The new OFT guidelines concluded that companies using pricing models likely to mislead consumers should be liable to ‘court action and fines’.
Published today, the guidance follows a year-long investigation into how the OFT should implement the 2008 Consumer Protection From Unfair Trading Regulations Act.
Today's report was particularly damning of the practice of ‘drip pricing’, where credit card surcharges and other hidden compulsory costs are not included in advertised prices, creating a misleadingly low impression of the price.
No sector or brand was mentioned specifically by the OFT, but budget airlines often use a 'drip pricing' model, where compulsory charges such as credit card fees are not included in advertised costs.
John Fingleton, OFT chief executive, said: "Pricing practices, used in a transparent and fair manner, can provide consumers with a helpful shortcut to assess whether a particular offer is a good or bad deal. However, our research has highlighted how certain pricing tactics can be used in a misleading way.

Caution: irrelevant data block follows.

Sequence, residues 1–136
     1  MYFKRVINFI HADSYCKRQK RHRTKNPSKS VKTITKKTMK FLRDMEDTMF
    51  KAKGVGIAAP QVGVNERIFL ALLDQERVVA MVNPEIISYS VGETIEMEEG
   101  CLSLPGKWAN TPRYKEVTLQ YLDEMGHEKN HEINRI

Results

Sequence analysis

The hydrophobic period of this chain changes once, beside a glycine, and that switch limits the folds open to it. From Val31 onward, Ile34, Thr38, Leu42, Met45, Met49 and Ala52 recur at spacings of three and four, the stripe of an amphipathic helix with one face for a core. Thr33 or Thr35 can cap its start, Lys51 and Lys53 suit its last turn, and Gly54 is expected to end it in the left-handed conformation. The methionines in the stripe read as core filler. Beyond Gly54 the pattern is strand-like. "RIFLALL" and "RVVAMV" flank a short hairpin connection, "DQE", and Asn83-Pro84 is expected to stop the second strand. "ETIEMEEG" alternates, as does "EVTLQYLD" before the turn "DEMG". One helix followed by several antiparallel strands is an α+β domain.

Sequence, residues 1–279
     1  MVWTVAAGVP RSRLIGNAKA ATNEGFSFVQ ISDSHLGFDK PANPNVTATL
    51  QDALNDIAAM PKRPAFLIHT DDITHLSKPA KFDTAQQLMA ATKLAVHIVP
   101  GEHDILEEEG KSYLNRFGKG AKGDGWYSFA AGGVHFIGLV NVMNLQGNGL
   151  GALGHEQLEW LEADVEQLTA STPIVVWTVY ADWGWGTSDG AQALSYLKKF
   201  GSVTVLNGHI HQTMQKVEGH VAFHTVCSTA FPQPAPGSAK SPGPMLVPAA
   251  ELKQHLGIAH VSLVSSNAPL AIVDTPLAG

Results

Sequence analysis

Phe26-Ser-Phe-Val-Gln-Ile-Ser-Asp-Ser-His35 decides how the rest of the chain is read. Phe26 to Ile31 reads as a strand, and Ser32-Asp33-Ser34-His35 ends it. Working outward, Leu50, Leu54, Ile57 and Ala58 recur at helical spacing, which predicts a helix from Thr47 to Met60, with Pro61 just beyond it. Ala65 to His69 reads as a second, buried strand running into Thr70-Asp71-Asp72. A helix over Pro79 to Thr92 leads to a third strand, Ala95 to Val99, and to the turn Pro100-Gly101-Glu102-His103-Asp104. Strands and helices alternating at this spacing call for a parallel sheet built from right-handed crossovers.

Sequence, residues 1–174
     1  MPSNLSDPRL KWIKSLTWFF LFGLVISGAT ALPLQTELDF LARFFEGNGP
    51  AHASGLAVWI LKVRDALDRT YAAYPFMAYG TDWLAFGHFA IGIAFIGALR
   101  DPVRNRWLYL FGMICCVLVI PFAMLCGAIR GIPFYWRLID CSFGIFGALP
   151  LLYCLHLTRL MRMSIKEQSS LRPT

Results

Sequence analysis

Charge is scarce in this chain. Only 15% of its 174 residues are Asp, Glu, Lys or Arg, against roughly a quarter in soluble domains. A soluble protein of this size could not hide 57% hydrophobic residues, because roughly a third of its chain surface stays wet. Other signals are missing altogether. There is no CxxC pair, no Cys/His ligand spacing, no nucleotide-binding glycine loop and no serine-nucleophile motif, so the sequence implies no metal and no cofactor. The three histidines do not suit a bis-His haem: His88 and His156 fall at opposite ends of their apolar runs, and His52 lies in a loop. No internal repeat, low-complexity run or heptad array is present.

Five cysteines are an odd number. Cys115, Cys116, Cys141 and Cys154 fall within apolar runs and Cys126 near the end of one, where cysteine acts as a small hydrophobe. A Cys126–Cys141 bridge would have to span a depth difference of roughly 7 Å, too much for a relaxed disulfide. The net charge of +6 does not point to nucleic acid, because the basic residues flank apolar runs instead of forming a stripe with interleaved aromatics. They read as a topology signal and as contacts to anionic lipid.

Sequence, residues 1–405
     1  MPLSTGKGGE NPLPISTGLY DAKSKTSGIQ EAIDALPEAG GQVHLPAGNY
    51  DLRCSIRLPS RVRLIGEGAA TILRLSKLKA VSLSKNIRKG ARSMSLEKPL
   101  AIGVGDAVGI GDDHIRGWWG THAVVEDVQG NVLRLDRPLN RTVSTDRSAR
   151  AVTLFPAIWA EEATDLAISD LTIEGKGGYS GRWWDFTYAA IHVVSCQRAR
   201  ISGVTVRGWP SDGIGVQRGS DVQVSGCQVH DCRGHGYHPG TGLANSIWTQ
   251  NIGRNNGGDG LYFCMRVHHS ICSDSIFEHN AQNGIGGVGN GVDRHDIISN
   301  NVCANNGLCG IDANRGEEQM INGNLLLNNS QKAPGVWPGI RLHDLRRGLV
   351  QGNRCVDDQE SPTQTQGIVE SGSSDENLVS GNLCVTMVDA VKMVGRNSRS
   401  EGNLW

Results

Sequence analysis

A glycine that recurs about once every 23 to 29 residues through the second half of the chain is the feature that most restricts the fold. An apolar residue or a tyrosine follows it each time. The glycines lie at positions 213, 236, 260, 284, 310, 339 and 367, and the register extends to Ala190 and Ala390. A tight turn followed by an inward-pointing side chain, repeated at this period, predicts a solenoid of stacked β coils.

"Misleading pricing is not only bad for the consumer, it is also bad for competition, and creates an uneven playing field between fair dealing businesses that stick to the spirit of the law, and those that push the boundaries too far.
"We urge all firms to review their pricing practices and to get their houses in order where necessary."
Troublesome pricing strategies were ranked, the most likely to mislead first:
- Drip pricing (where optional price increments such as taxes, card charges and delivery charges are added during the buying process)
- Time-limited offers (for example 'offer must end today')
- Bait pricing (when consumers are drawn in with offers of discounts although few items are available at the discount price) or complex pricing (where the price depends on numerous elements which may be conditional on each other)
- Reference pricing (such as ‘was £100, now £60’)
- Volume offers, that could be multiple unit price promotions (such as ‘three for two’) or 'Free' products offered as part of a package (such as ‘first two months free’)
BA last month launched an ad campaign specifically targeting budget competitors EasyJet and Ryanair. The campaign focused on what BA included in its advertised price, and gave the relative costs of equivalent flights of all three airlines on its website.
Other sectors that might come under the OFT's scrutiny include supermarkets running FMCG or food promotions, broadband suppliers offering subscription discounts and furniture retailers that frequently use sale 'must end' advertising.